The appellant first contends that the hearing judge erred in not sustaining his objections to the petition for forfeiture because the Commonwealth did not meet its burden of proving that he used his automobile to deliver or facilitate the sale of a controlled substance. He cites One 1978 Porsche Coupe v. Commonwealth, 70 Pa. Commonwealth Ct. 81, 452 A.2d 603 (1982); One 1965 Buick 4-Door Sedan v. Commonwealth, 46 Pa. Commonwealth Ct. 189, 408 A.2d 157 (1979); and Commonwealth v. One 1971 Ford Ltd., 245 Pa. Superior Ct. 303, 369 A.2d 414 (1976), cases in which forfeiture was upheld where the sale and delivery of a controlled substance occurred in or from a motor vehicle, as authority for his argument that forfeiture cannot occur unless the sale or delivery of the controlled substance actually takes place in the automobile. He argues that the use of an automobile merely for the purpose of traveling to the scene of a delivery is not sufficient to support the forfeiture. This argument, of course, is plainly contrary to the words of Section 28(a)(4) of the Act, 35 P.S. § 780-128(a)(4), which provides for the forfeiture of all vehicles "which are used . . . to transport or in any manner to facilitate the transportation, sale . . . or receipt" of a controlled substance. As we shall explain, there is

[ 89 Pa. Commw. Page 308]

    ample evidence in this case that the Volvo was used to transport or facilitate the delivery.

Judge Sidney Hoffman of the Superior Court of Pennsylvania has provided a scholarly exegesis of forfeiture with specific reference to the Controlled Substance, Drug, Device and Cosmetic Act in the case of Commonwealth v. Landy, 240 Pa. Superior Ct. 458, 362 A.2d 999 (1976). He there observes that forfeiture proceedings, although quasi-criminal in nature, are civil in form; they are not criminal proceedings so as to require the full panoply of rights due a criminal defendant. On issues of evidence, such proceedings should be treated as civil proceedings with the Commonwealth having the burden of proving the material allegations by a preponderance of the evidence only. Hence, the question is whether the Commonwealth established by a preponderance of the evidence that the appellant used his automobile to "transport or facilitate the transportation or sale" of a controlled substance. The evidence was that the appellant agreed to meet with an undercover police detective and an informant at a restaurant in the Cheltenham Square Mall to arrange a sale of cocaine; that he arrived at the restaurant on foot; that, after observing the situation there, he left the mall on foot; that he later returned driving the Volvo Coupe; and that he then delivered the controlled substance. The inference that the appellant did not have drugs when he came to the restaurant on foot, that he left the restaurant on foot without the drugs and that he returned in his automobile with the drugs, supports the conclusion that the Volvo was used to make or facilitate the delivery.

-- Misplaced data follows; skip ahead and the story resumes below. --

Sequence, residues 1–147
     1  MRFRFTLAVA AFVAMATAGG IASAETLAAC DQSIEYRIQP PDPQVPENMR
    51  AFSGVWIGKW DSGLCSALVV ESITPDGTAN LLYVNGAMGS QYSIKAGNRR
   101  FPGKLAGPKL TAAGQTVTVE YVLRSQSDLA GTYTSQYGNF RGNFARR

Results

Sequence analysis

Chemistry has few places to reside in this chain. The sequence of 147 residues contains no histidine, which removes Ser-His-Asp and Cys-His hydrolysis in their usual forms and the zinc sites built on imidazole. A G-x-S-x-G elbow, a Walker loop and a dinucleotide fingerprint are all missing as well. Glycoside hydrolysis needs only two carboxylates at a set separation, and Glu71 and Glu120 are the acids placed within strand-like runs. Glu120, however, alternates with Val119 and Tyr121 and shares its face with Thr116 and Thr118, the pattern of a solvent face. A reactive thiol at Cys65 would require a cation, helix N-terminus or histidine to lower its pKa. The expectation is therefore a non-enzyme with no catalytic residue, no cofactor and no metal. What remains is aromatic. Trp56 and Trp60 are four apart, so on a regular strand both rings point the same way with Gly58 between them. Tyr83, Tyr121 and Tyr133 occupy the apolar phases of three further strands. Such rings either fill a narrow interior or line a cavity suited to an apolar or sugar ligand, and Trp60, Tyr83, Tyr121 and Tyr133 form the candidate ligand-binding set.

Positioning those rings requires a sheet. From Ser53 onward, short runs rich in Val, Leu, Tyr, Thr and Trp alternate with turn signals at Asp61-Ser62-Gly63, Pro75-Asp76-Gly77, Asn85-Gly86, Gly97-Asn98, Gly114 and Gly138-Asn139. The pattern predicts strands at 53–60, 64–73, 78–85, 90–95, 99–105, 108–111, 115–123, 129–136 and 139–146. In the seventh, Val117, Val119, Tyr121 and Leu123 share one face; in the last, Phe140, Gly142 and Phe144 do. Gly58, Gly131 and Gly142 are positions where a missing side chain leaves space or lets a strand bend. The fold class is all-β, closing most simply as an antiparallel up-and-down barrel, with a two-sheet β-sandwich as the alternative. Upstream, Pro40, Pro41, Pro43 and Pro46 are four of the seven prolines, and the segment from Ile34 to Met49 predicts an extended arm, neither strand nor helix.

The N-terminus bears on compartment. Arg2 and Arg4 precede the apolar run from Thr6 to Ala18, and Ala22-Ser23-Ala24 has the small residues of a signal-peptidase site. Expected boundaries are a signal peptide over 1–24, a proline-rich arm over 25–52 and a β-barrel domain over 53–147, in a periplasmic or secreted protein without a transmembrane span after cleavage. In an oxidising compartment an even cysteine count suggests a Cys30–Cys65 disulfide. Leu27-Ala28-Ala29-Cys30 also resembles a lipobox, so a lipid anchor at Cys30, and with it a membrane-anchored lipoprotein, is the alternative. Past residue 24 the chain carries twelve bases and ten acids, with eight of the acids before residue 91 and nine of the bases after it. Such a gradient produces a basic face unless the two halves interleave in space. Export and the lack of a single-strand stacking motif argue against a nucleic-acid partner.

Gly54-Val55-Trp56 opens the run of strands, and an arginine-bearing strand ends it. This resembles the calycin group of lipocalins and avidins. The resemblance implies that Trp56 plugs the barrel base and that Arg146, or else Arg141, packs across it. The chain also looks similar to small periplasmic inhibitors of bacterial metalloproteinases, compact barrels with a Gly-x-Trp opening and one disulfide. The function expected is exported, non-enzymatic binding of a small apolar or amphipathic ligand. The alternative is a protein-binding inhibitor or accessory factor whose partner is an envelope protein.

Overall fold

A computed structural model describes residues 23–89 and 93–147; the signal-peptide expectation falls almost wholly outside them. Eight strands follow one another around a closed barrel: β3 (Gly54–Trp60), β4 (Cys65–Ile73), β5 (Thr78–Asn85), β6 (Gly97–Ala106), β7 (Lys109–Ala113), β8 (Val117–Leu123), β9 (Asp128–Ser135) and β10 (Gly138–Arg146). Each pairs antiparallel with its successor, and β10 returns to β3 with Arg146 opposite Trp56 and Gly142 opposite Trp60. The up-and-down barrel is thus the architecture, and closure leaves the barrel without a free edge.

The appellant next contends that the prayer of the Commonwealth's petition for forfeiture should have been refused because the Commonwealth did not obtain a warrant before seizing his car.

[ 89 Pa. Commw. Page 309]

Section 28(b)(4) of the Act, 35 P.S. § 780-128(b), authorizes the seizure of property subject to forfeiture without process if:

There is probable cause to believe that the property has been used or is intended to be used in violation of the act.

Probable cause exists when the facts and circumstances within an officer's knowledge are such as warrant the belief that a crime has been committed. Commonwealth v. Murray, 437 Pa. 326, 263 A.2d 886 (1970). In this case, as demonstrated by the evidence described above, the authorities clearly had probable cause to believe that the appellant's automobile was used to transport and deliver a controlled substance in violation of the Act.

Order affirmed.

Order

And Now, this 16th day of May, 1985, the order of the Court of Common Pleas of Montgomery County in the above-described matter is affirmed.

Disposition

Affirmed.